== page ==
This is true, not just for aborigines, but also for migrants from different cultures. It is not a race thing, and is nothing to do with skin colour or genetics.

The effects are so obvious. Why do so many people on both sides of the cultural divide still cling to failed policies of multiculturalism and preservation of tribal values?

I have personal experience of two contrasting stories. Forgive me if I have already written about them, but they are again topical.

I recently had to write a six-figure cheque to pay a private-enterprise contractor for some road-works. We enjoyed a cup of coffee with him in our kitchen while we wrote the cheque at the end of a happy business relationship.
The contractor is not in the big league, but he owns a lot of very expensive equipment and he pays significant wages to his employees.
He is an aboriginal.
He told us that he had been reared in an assimilated family in a white community. He had been brought up to be aware of his aboriginality, but he considered himself to be part of that white community and had no problems with it.
In his late teens, a friend told him about all the aboriginal welfare he was entitled to, including a university education.
That night, he told his mum that he was going to apply for some of these benefits.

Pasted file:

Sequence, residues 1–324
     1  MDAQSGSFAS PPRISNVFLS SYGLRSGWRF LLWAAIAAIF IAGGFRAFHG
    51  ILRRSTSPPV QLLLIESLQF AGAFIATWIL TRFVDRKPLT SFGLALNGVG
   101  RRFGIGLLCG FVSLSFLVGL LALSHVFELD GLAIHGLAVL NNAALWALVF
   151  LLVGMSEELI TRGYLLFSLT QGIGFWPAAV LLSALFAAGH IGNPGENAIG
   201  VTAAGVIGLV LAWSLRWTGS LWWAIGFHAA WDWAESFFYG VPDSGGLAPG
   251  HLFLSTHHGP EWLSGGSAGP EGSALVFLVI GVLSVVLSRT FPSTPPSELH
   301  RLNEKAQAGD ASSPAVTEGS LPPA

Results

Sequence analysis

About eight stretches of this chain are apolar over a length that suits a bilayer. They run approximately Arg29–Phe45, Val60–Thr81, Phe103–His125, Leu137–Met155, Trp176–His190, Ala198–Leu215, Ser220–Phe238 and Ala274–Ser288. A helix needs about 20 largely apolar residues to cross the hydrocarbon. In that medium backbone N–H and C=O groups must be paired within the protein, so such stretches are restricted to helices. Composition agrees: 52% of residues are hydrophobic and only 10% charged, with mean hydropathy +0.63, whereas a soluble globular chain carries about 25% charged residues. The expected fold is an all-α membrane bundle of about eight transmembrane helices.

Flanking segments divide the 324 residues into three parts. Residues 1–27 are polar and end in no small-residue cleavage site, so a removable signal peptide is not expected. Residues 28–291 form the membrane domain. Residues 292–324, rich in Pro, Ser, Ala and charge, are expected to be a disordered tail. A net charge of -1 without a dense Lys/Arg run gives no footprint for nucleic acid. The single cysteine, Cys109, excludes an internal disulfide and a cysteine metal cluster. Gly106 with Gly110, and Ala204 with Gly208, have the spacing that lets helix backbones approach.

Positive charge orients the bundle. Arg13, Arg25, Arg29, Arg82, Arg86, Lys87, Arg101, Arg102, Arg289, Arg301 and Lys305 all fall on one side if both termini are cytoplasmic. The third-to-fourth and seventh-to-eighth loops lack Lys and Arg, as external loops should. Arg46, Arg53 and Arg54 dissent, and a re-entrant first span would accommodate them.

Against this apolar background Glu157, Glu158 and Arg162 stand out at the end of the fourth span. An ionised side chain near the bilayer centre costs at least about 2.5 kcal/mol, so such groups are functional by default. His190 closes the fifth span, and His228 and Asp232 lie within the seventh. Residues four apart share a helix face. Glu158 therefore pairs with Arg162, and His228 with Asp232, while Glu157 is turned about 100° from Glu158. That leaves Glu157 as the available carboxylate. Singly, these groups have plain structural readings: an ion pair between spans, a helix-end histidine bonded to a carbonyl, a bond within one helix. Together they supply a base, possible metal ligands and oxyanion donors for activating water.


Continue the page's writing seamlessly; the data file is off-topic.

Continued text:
His Mum responded, "Fine, do that if you wish. But don't ever set foot in this house again. We have brought you up to make your own way in the world."
He took her advice and has never regretted it.

Story number two: I became involved in helping a local aboriginal community to set up an aboriginal tourist venue. The plan was to demonstrate tribal arts, crafts, boomerang-throwing and the like. It was to provide worthwhile employment and extra income for the community, as well as an educational destination for the tourists.
There was much enthusiasm and all went well.
One early setback was that none of the aborigines could throw a boomerang.
Fortunately, the driving force for this venture was a young woman (non-aboriginal) who had grown up near the Mudgeeraba boomerang factory. She quickly taught the aborigines to throw boomerangs and they were the highlight at the shows.
The venture thrived for about 3 months. It then fell apart when members of the community realised that it was going to interfere too much with their freedoms. The real problem was that everyone had to attend, and be ready to perform, at the time when the coach-load of tourists turned up.
They could not achieve this with any consistency. It was not because they were lazy. It was because the subsistence living embodied in their cultural heritage had never been modified by assimilation. Instead, it had been reinforced by regular welfare payments of "sit-down" money.

kae said...